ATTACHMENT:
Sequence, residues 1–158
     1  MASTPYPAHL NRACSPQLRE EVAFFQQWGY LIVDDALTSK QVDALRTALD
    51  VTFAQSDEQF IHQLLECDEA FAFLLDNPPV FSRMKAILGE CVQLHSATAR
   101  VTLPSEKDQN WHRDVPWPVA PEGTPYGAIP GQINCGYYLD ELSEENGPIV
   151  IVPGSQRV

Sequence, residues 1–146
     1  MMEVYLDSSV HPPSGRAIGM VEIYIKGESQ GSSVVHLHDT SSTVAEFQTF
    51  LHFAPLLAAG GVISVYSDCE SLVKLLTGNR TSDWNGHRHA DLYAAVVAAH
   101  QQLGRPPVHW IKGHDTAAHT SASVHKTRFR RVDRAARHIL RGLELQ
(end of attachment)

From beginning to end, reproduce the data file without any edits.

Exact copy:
Sequence, residues 1–158
     1  MASTPYPAHL NRACSPQLRE EVAFFQQWGY LIVDDALTSK QVDALRTALD
    51  VTFAQSDEQF IHQLLECDEA FAFLLDNPPV FSRMKAILGE CVQLHSATAR
   101  VTLPSEKDQN WHRDVPWPVA PEGTPYGAIP GQINCGYYLD ELSEENGPIV
   151  IVPGSQRV

Sequence, residues 1–146
     1  MMEVYLDSSV HPPSGRAIGM VEIYIKGESQ GSSVVHLHDT SSTVAEFQTF
    51  LHFAPLLAAG GVISVYSDCE SLVKLLTGNR TSDWNGHRHA DLYAAVVAAH
   101  QQLGRPPVHW IKGHDTAAHT SASVHKTRFR RVDRAARHIL RGLELQ